Driftwater / Stones / Cool hatchery - Tropical Fish Keeping - Aquarium fish care and resources
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post #1 of 3 Old 11-23-2011, 03:21 PM Thread Starter
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Driftwater / Stones / Cool hatchery

So I recently made a post about my new 90 gallon tank. Everythings been up and running, I got my fluval 405 as well as two Penguin BW 350's on it. Been cycling with some feeder fish, despite what I read *after purchasing them* that fishless cycling is better. But it's been going well for me and the tank.. Really all that I need to work on the tank for right now is aquascaping, but I wanted to set up and scape the driftwood first. I don't want to buy from a store as they are expensive and not very natural looking. Now I need to know what guidelines to go by when collecting driftwood. I've been told before that the driftwood I find has to be in the water when I find it.. is this true? There are a few state parks I can go to close by to me as well as several shorelines (I live in miami, fl area).. today, while volunteering at my sister's fish hatchery (the rosenthiel UM campus) I took a leisurely walk on the shore by the hatchery and found a very large uprooted tree on the sand, several pieces on it look like they would make for great driftwood but it was dry as a bone. I'm going back to the hatchery tomorrow and if you guys think it's a good idea i'd like to cut some pieces on it and perhaps prepare them as driftwood for my 90 gallon in process. I've only ever bought driftwood which is why i'm pretty clueless as what to keep in mind when collecting it. I never tested if the wood is hard or soft and im assuming it'll take some time to water log it.. and all that is fine, as I have the time and patience, but what I need to know is if it will be SAFE, especially considering it coming from an ocean's shore line. I also found some cinder blocks and other rocks washed up or dumped on the sand/shore that was covered in algae (or some grassy looking algae plant that just stuck all over and covered the blocks and rocks), and the cinder block looked like it would make great caves for my pleco's, again, I would like to know how safe it is to collect and use these for my tanks, if at all. On a side note.. the hatchery my sister is interning at is AWESOME (she's studying aquaculture). They have HUGE cobia, Mahi Mahi, Goggle eyes and florida pompano, and tuna, though they killed all their tuna recently in a move, only one remains and he wasnt doing to well. It was fun I got to siphon their tanks, prepare their feed, feed em, test water parameters etc. They also grow coral, some plants, plankton, etc. I'm thinking of taking my camera tomorrow and taking some pictures if anyone is interested. It was indeed a great experience. Sorry to go off topic just thought i'd share but what I'm really here for is my Stone/Driftwood situation. Also I'd like to start a video journal for this tank and would like to share it with everyone, I will be doing this soon as I begin the aquascaping. Thanks in advance for any advice.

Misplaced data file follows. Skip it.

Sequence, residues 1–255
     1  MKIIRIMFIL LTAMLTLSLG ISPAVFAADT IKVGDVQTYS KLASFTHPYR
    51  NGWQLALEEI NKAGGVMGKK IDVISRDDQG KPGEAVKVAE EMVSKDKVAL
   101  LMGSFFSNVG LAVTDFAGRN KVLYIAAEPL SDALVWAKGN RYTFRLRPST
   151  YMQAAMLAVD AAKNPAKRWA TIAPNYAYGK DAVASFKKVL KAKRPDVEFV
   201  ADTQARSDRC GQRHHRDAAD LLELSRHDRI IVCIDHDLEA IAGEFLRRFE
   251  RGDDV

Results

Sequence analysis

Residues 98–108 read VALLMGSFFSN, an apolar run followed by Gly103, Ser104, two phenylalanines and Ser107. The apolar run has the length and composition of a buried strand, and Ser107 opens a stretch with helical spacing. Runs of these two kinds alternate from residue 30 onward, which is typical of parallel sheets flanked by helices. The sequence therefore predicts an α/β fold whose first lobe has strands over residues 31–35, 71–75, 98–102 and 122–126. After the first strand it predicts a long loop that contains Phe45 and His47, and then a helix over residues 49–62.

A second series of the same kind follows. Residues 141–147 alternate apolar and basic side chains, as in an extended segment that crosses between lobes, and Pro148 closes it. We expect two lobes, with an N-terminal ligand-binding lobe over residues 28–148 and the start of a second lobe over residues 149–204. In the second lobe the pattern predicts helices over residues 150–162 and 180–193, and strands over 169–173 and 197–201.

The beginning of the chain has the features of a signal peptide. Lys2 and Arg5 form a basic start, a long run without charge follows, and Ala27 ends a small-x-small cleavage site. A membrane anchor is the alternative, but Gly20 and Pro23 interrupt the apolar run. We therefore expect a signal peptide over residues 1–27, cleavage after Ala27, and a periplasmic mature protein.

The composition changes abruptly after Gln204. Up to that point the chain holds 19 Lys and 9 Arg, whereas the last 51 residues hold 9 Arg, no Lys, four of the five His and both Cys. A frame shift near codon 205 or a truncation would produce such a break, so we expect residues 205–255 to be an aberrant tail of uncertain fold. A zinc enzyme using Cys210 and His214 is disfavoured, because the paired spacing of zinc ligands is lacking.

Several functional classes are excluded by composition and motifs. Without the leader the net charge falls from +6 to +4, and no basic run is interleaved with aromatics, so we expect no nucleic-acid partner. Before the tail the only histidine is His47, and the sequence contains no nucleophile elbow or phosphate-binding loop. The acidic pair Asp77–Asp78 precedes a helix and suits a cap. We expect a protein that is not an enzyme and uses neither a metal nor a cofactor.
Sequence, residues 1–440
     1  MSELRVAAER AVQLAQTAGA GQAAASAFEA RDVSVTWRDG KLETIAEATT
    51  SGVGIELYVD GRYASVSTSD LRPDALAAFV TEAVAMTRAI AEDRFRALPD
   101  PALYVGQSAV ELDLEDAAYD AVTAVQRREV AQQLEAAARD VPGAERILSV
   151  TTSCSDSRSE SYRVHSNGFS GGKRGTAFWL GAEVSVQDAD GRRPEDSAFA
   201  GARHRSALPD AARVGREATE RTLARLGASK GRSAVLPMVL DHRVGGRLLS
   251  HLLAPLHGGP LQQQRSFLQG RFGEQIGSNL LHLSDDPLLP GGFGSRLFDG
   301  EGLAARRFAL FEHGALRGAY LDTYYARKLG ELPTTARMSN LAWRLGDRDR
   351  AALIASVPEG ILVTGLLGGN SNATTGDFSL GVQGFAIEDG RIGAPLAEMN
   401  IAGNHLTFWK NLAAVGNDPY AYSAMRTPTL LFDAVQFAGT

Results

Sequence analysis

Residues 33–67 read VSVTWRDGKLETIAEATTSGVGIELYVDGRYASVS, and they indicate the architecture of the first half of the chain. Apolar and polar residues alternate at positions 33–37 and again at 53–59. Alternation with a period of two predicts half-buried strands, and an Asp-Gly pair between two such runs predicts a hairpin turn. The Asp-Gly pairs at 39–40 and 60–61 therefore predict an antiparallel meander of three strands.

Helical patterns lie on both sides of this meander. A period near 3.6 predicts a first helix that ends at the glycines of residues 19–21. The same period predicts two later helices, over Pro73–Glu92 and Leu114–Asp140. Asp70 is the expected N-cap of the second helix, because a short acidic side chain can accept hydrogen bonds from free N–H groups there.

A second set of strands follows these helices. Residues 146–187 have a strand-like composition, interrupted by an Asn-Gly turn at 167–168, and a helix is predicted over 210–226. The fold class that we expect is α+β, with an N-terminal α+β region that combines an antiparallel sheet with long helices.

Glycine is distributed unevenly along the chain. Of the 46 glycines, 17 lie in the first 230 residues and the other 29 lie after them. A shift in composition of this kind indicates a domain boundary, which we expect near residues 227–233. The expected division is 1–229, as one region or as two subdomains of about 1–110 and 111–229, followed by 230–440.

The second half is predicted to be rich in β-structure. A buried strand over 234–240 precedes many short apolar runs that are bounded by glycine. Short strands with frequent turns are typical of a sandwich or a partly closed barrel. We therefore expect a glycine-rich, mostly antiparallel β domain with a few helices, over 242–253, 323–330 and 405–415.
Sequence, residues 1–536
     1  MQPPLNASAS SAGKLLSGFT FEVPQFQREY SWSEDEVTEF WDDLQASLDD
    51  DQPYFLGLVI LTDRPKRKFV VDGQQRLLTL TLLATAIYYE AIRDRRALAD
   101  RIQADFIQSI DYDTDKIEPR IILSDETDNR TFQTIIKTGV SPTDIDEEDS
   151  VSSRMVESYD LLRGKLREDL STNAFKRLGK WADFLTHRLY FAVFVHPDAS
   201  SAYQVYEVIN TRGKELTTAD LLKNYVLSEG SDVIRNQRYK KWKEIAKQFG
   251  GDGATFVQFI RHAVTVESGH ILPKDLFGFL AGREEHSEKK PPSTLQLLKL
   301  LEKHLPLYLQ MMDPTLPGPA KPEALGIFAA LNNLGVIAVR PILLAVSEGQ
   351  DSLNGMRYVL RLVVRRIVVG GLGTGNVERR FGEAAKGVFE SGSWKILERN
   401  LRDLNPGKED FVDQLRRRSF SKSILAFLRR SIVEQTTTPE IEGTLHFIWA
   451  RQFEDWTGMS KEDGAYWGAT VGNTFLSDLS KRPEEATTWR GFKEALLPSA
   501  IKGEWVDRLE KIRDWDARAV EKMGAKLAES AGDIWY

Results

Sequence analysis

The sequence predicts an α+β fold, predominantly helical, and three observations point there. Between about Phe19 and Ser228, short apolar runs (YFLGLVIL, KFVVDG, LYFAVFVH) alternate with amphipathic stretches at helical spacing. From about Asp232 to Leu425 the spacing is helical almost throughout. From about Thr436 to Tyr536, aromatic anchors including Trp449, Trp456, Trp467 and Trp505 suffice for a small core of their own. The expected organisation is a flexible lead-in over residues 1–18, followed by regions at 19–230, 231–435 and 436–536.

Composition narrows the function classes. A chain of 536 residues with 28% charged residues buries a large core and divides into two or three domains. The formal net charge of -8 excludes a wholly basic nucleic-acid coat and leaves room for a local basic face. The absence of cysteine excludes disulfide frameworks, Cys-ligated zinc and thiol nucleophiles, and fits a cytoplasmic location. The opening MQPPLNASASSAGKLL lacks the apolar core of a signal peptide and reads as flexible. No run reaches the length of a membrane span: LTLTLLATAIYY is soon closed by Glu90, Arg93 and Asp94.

- Danny
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post #2 of 3 Old 11-23-2011, 11:11 PM
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I can't much speak to the driftwood question, but I just had to say your sisters internship sound amazing! I'm a recent grad with a degree in Fisheries Science, and I'm most interested in aquaponics (basically the same thing we do with our planted tanks but growing commercial species). That must be a great place to have succeeded in growing tuna in aquaculture.


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post #3 of 3 Old 11-27-2011, 01:14 PM
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Collecting wood from outdoors is always a risk because you don't know what may have contacted it in the way of chemicals, pesticides, fertilizers, oil, etc. Boiling the wood will not necessarily remove these. Bacteria, pathogens and parasites are another issue than boiling should handle, but if the wood is thick and something is deep inside, perhaps not. Salt from seawater is another issue.

Wood in stores is perhaps expensive--depending upon one's view of paying to avoid all these risks--but the wood should be safe. I like the Malaysian driftwood, sometimes called ironwood, that is very dark brown. It is very natural looking, being...natural. It is also heavy so it sinks immediately without endless soaking or having to hold it down somehow. Boiling will cause the worst of the tannins to leech out faster, though these are not harmful to fish or plants. I have a lot of this wood in my tanks, you can see it in the photos (click Aquatriums below my name on the left).


Byron Hosking, BMus, MA
Vancouver, BC, Canada

The aquarist is one who must learn the ways of the biologist, the chemist, and the veterinarian. [unknown source]

Something we all need to remember: The fish you've acquired was quite happy not being owned by you, minding its own business. If you’re going to take it under your wing then you’re responsible for it. Every aspect of its life is under your control, from water quality and temperature to swimming space. [Nathan Hill in PFK]
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